I tried to make the defaults sensible. If you only define the control with no parameter settings, you’ll get an Instant search box with no delay (so really and truly instant!) and a simple “Search” prompt text overlay.
For the future
Some things to improve on would be better built-in templating support for simple changes. Right now, if you want the look and feel changed you have to re-template the whole control. That’s doable, but it kinda sucks frankly as it isn’t a simple template. Sometimes it might be necessary for radical differences, but if you only want to change the icons or something like that it’s kinda irksome. A few simple exposed template properties would be a nice and relatively simple addition.
And speaking of the templates, I kind of want to go back and replace a lot of the triggers with VisualStateGroups and such. Not only does this make porting to Silverlight easier but it does allow for better semantic control of the visual state stuff. It also makes it easier to add more complex state changing animations in Blend.
The AllowEmptySearches boolean property is convenient but a bit clumsy in its approach (and implementation, actually). It’s an awkwardly named property that might take a second to click on why it even exists and it would probably do better as something like MinimumNumOfChars. That way you could still set it to 1 and get the same effect but also set it to 2 or 3 or whatever you want. Much more useful. You can obviously enforce this in the logic that handles the search click event or command execution, but this gives you the added benefit of UI enforcement (it disables the search button in regular search mode, for instance) which makes the rule more apparent to the user.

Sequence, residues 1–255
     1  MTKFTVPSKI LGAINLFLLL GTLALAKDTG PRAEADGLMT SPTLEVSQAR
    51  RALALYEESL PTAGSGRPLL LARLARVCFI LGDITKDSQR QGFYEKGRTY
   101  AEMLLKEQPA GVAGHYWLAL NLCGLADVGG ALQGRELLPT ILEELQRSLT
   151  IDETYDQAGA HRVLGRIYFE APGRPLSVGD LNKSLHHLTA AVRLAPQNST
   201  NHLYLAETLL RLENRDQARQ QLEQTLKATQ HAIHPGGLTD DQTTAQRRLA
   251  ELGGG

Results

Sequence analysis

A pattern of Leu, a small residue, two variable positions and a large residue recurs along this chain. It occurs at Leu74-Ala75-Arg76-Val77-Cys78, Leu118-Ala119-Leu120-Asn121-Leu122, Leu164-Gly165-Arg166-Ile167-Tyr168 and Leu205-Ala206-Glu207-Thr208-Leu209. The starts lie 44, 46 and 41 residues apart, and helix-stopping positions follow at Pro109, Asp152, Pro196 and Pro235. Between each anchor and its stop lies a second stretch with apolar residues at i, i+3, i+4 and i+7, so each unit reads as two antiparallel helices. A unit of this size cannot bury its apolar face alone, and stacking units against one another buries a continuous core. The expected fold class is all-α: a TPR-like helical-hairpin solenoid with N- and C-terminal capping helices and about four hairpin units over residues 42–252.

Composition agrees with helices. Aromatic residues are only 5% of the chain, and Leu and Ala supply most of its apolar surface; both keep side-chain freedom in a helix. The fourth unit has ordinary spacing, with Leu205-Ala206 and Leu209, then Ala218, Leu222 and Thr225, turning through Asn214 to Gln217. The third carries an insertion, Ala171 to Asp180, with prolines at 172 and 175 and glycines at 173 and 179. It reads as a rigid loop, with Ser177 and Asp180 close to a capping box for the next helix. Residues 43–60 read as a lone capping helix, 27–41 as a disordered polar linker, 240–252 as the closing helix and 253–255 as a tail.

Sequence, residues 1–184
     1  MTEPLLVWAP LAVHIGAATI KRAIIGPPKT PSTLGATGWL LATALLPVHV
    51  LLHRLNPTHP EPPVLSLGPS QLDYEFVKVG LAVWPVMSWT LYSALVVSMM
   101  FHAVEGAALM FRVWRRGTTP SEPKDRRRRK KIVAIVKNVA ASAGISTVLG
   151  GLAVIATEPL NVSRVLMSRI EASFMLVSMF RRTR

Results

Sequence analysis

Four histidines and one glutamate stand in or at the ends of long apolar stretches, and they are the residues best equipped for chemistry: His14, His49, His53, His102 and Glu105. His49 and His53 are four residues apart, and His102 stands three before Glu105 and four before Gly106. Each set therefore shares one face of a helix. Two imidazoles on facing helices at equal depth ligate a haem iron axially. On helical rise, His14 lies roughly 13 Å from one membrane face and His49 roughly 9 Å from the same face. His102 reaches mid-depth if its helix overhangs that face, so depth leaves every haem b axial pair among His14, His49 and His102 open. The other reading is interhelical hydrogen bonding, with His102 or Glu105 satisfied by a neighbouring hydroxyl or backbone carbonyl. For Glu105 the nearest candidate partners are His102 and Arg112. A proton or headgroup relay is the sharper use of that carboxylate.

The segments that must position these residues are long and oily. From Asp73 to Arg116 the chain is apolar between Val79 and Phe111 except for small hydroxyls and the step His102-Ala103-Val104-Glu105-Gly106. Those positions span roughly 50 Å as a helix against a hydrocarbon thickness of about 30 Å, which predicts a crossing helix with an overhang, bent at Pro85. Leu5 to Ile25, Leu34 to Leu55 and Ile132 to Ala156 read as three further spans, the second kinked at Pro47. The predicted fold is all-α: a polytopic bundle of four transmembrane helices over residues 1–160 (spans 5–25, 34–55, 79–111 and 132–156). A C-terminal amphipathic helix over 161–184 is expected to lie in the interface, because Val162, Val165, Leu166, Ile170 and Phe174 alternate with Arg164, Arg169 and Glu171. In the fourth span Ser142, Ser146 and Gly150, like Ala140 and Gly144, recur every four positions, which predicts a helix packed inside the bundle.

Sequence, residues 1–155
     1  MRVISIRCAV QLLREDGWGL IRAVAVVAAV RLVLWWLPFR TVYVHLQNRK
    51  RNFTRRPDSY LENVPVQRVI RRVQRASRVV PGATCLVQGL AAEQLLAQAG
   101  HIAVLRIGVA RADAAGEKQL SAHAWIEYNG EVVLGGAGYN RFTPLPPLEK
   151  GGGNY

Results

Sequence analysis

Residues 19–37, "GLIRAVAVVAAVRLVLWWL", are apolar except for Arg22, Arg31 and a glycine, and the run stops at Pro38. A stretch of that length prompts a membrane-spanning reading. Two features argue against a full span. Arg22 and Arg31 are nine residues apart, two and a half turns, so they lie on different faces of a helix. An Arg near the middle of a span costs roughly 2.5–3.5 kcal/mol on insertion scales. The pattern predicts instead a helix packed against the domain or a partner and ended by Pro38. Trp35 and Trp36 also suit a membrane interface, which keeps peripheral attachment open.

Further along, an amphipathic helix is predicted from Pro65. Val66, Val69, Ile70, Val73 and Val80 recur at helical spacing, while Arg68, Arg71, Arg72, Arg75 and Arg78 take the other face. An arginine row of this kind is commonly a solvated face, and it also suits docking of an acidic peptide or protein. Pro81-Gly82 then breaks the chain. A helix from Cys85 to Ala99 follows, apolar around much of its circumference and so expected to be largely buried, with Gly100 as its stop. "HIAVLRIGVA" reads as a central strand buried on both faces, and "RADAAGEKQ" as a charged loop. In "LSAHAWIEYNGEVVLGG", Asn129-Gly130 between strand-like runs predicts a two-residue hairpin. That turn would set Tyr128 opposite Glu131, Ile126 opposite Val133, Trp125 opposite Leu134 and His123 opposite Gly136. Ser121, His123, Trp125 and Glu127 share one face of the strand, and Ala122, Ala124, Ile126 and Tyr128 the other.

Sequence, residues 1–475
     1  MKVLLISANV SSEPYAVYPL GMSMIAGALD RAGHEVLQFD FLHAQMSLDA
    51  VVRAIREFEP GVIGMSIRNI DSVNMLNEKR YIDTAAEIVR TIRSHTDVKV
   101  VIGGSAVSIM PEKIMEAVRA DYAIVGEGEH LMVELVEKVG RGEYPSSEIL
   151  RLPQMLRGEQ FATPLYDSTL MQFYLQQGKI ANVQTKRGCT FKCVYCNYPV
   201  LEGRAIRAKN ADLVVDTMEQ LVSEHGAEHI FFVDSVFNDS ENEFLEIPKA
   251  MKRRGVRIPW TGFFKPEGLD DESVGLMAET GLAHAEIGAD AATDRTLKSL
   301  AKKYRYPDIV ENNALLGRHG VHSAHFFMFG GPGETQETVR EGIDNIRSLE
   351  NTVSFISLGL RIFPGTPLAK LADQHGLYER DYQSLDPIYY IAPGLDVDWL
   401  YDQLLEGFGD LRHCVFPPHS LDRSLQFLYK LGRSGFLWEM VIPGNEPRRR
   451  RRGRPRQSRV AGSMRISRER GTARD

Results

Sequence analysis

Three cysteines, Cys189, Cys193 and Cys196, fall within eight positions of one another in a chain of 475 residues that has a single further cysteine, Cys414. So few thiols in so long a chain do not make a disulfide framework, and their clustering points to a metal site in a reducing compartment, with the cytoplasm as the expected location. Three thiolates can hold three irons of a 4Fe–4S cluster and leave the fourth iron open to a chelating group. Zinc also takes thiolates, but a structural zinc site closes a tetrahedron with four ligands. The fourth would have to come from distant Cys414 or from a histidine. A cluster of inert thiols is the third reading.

Lastly I’m not sure I ever got the designer support exactly how I wanted. For some reason my VS2010 always displays the instant search mode wrong, with the clear X button visible. When running in the program it displays correctly, of course, but not design. Couldn’t ever figure out what I was doing wrong or if it was VS2010 and not me.
Okay, enough yapping from me. You can download the entire source below as four files (.cs and .xaml plus two .png icons). The code is free for use, however you see fit, I don’t care. I like attribution, though — more for the hard-working smart people I ripped a lot of this off of than myself (as you can see in the source files).
Important! Some things to note as it won’t exactly be a perfect drop-in file. Change the namespaces to whatever you like. Also, you’ll want to modify the image file paths to match however you added them to your project.
I may decide to update this post and add a simple solution file with example demo project or something. We’ll see.
If you like this, I’ve got several more neat controls up my sleeve, but I’d have to polish them up a bit before releasing as they’re not quite cleaned up enough for the camera. Suffice it to say, whether I release them or not will depend on when I have some time.